Co-founding Myths with Christian Pelletier

Photo by LePetitRusse

Photo by LePetitRusse

In some ways, Up Here has a life of its own now that it’s going on five years. But it started somewhere, and one of the people who started it was Christian Pelletier (along with co-founders Jen McKerral and Maggie Frampton). So, I sat down with Christian to learn a bit more about where he came from and an insider look at the festival from his perspective.

Did you grow up in Sudbury?

I actually grew up in Sault Ste. Marie and moved here when I was 13. Sudbury was the coolest place in the world when I was a kid. IT HAD SCIENCE NORTH! I feel like I always kind of had an outsider eye on Sudbury, even though I’ve spent most of my life here. 

What was your experience like growing up francophone in Sudbury? 

Like a lot of people, I definitely grew up thinking that my French wasn’t good enough. It wasn’t until midway through high school that I really started connecting with the whole Franco-Ontarian counter-culture, reading Patrice Desbiens, hanging out at the Morgue (Konflit’s now demolished jam space behind the McKenzie Library), and seeing punk groups like Varge! That stuff blew my mind and I realized that franco-ontarian culture didn’t have to be boring and sterile—it could be full of piss and vinegar. 

You’ve been involved with Up Here from the very beginning. Looking back: What are some of the skills you’ve learned?

Aw man. Good question. Collaboration. Sticking to your gun. Not being afraid to share the big vision with a lot of people. Steal ideas from other festivals, because even if you try to copy them, you’ll end up making them your own. Don’t be afraid to ask for help. Make mistakes. When you don’t know where to start, just start. Make more mistakes. Don’t be afraid to dive head first and learn things. Be curious. Unlearn things. Surround yourself with brilliant people. Care a lot about what you’re doing, but also don’t give too much of a fuck. Learn to let go of things. Try not to micromanage (still working on this one).

Who has impressed you most with what they’ve accomplished?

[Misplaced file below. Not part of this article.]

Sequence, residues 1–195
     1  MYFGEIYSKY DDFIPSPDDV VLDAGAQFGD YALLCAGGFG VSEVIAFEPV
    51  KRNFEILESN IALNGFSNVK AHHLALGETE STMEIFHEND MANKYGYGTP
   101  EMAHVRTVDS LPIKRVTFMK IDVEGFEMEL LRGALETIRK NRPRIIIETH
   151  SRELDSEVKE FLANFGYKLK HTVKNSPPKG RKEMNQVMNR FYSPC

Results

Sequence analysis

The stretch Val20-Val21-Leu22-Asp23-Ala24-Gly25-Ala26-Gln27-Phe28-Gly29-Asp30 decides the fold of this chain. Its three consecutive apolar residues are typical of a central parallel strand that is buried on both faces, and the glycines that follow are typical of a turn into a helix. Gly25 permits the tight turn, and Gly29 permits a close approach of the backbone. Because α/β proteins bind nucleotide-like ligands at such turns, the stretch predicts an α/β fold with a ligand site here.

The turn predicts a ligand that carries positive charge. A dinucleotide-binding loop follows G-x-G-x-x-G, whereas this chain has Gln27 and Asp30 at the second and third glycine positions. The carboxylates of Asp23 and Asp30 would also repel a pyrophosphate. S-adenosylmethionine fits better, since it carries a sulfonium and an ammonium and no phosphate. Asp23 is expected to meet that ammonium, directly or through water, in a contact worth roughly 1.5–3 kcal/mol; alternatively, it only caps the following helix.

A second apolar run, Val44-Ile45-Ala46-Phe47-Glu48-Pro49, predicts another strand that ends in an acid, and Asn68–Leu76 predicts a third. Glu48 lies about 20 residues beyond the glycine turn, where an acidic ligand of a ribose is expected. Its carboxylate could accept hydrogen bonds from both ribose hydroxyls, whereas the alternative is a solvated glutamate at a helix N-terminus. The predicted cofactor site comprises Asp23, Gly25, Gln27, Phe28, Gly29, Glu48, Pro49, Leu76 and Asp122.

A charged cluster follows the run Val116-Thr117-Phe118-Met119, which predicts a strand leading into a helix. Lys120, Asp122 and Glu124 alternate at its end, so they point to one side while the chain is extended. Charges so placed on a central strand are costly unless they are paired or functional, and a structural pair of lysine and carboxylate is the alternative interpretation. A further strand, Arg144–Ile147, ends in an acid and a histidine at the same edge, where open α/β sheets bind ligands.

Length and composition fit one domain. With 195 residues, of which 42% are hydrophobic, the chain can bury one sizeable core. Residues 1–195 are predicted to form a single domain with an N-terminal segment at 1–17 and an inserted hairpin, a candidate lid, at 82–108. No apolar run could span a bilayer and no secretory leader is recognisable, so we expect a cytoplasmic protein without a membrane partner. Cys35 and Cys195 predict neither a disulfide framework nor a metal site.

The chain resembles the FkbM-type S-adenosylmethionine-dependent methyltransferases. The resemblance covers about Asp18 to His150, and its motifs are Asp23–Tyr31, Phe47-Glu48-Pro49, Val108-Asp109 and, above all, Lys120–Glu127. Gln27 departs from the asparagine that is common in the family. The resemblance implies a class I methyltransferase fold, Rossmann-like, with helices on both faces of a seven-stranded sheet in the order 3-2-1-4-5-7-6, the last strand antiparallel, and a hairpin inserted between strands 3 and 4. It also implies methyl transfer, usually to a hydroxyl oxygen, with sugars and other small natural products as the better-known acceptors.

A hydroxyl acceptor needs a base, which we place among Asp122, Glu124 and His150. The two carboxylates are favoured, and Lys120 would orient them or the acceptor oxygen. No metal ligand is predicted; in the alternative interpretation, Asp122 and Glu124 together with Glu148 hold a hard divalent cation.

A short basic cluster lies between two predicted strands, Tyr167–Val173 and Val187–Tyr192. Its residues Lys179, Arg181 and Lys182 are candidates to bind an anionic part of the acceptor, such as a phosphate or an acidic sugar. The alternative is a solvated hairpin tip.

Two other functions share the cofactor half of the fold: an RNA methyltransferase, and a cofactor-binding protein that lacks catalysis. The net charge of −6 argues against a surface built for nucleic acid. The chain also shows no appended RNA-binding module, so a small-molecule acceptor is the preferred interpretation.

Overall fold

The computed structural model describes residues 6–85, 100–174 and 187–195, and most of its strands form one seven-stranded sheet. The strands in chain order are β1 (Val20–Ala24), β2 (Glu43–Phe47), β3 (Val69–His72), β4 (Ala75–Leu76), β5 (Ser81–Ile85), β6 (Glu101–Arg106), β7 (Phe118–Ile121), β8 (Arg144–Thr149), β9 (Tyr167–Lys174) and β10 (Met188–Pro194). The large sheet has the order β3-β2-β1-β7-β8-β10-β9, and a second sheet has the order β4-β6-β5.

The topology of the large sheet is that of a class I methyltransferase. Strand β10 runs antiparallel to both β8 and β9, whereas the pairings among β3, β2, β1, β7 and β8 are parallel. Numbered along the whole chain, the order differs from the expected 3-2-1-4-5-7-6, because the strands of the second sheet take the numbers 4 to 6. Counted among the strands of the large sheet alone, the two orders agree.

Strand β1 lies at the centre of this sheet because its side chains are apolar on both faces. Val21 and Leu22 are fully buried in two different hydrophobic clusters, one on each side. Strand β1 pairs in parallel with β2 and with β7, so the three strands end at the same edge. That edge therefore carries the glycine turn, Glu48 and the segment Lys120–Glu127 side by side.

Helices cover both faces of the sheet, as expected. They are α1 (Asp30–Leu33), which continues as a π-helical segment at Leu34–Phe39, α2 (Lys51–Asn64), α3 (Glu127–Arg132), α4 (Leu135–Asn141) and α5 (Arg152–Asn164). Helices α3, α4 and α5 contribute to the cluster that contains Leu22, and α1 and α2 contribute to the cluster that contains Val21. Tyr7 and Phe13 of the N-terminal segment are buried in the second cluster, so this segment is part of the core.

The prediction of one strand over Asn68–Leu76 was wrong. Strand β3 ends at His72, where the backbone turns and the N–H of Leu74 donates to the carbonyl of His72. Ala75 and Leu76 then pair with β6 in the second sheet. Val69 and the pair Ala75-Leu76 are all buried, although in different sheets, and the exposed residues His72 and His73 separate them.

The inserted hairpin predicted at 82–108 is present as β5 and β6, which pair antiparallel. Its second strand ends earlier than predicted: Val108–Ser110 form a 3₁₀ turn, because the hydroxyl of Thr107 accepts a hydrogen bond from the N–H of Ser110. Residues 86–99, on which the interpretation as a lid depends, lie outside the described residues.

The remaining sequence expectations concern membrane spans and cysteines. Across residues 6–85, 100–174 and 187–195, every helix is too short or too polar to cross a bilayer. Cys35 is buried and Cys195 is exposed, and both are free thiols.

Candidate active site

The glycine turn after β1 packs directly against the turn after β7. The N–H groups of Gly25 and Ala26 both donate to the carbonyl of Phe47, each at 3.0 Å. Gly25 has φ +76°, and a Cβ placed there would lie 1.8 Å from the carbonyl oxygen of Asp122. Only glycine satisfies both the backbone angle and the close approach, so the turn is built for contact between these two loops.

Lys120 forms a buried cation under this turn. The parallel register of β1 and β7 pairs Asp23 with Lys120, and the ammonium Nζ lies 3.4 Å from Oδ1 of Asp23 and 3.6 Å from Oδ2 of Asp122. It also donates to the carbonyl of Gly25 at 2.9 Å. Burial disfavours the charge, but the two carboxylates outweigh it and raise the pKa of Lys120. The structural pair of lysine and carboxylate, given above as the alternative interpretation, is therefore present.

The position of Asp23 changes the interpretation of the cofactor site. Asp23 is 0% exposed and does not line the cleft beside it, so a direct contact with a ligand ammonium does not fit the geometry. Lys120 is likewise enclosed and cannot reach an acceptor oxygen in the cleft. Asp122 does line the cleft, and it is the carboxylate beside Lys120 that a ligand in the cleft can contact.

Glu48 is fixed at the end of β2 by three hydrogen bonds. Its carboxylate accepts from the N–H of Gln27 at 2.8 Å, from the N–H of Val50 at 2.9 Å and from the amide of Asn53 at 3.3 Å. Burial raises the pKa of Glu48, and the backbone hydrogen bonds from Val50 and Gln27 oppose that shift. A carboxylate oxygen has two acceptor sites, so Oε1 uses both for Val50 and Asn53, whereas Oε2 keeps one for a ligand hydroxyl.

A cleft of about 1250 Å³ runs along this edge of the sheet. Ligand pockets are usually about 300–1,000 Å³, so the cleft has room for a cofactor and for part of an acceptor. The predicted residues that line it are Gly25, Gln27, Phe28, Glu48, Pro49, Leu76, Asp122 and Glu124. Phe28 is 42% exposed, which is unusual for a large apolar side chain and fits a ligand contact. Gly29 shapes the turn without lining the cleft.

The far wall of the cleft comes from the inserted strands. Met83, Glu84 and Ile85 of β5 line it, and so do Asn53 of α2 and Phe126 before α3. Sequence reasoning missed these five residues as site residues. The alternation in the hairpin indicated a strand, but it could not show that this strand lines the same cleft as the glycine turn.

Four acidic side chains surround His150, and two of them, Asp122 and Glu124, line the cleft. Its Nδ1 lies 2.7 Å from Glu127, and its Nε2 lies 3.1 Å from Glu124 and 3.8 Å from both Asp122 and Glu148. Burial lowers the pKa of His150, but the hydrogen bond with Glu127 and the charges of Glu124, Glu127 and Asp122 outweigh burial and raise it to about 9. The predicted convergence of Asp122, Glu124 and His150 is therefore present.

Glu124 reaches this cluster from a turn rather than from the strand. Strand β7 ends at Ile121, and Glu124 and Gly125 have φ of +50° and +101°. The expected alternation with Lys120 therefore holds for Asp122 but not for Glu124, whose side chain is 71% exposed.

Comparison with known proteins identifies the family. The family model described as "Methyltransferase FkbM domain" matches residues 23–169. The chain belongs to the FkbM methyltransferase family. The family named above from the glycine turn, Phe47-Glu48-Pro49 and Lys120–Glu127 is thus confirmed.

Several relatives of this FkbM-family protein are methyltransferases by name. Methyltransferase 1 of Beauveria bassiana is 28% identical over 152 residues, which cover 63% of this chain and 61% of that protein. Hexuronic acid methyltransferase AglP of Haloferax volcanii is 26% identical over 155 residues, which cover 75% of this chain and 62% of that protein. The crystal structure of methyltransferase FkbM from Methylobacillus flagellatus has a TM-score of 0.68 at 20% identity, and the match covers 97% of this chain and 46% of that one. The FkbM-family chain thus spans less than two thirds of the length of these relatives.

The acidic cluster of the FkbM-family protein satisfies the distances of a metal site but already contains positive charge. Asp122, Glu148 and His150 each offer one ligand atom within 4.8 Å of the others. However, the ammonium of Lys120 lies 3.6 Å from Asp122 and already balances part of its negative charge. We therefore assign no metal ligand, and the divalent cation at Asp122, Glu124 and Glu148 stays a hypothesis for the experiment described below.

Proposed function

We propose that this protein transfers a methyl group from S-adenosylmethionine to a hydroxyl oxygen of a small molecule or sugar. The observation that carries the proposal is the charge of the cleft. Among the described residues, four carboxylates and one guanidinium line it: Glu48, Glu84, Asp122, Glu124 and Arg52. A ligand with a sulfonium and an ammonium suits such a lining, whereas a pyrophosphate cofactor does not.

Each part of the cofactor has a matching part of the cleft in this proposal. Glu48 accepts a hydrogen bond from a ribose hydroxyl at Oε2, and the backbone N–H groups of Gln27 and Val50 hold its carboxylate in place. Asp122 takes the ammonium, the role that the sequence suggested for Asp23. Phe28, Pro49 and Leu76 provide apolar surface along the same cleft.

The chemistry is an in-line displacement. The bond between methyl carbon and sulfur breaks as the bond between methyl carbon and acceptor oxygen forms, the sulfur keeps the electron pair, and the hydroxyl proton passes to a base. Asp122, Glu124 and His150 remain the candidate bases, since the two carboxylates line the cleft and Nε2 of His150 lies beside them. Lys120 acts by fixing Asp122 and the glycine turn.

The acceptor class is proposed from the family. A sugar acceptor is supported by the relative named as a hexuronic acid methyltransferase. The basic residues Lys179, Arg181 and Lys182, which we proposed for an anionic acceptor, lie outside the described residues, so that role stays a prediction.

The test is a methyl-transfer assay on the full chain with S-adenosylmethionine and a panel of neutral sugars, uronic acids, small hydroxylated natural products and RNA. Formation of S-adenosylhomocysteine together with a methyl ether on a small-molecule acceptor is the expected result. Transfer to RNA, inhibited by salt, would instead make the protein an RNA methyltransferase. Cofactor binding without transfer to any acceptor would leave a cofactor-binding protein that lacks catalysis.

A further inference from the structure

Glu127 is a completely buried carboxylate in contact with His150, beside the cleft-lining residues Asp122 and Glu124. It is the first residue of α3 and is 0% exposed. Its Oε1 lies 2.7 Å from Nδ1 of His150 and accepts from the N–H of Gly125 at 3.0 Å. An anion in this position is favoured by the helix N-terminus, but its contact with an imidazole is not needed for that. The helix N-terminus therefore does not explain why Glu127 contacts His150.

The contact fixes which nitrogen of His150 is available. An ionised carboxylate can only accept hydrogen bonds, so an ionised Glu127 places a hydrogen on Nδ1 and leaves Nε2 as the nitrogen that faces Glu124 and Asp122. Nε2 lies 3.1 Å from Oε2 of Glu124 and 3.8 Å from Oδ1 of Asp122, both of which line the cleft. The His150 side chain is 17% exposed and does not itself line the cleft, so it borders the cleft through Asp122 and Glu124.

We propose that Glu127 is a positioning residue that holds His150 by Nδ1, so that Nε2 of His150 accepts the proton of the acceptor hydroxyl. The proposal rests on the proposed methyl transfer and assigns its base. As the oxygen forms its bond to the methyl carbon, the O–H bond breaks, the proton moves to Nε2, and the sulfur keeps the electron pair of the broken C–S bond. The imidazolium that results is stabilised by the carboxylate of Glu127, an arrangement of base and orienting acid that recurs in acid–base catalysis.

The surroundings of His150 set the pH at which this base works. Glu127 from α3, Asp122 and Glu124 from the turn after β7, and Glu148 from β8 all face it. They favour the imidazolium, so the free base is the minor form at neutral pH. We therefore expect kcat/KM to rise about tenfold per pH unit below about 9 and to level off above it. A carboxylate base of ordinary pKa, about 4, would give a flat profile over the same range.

Hmmm, probably Jen-freaking-McKerral. When we first started talking about starting this festival in 2014, we said to ourselves, “We need someone like Jen,” and she said “Yes” right away and hasn’t stopped since. She is a force of nature, a mentor, a friend, and one of the funnest people I’ve ever had a chance to work with. 

How do you describe the festival to people who have never been?

Up Here is a festival for people who hate festivals. It’s intimate enough for you to see amazing acts up close. It’s a festival for people who are curious and want to discover new things (which I’d argue is all of us, but some of us don’t know it yet). 

Since announcing the lineup, what have you been listening to? 

ESG. All ESG. All the time. God, I can’t believe they’re coming to Sudbury for their last Canadian show ever. It’s going to be so awesome.

Is there a particular show you’re really excited about this year?

Reykjavikurdaetur is going to be awesome. Icelandic women’s hip hop collective? I mean, c’mon!

What’s your life like during the first two weeks of August when you’re planning for the festival?

A lot of running around, strange phone calls, and accumulating parking tickets.

What’s the strangest emergency you’ve had to deal with?

Waking up to a Level 3 Toxic Emergency from Vale the first day of the festival in 2015. That was weird. 

What’s the strangest request from an artist you’ve gotten so far?

A surfboard with no fin for Rich Aucoin.

What is the most impressive thing you know how to do?

Convince people that I know what I’m doing when really I’m scared shitless.

Photo by Maryse Boyce

Photo by Maryse Boyce



Mel Trottier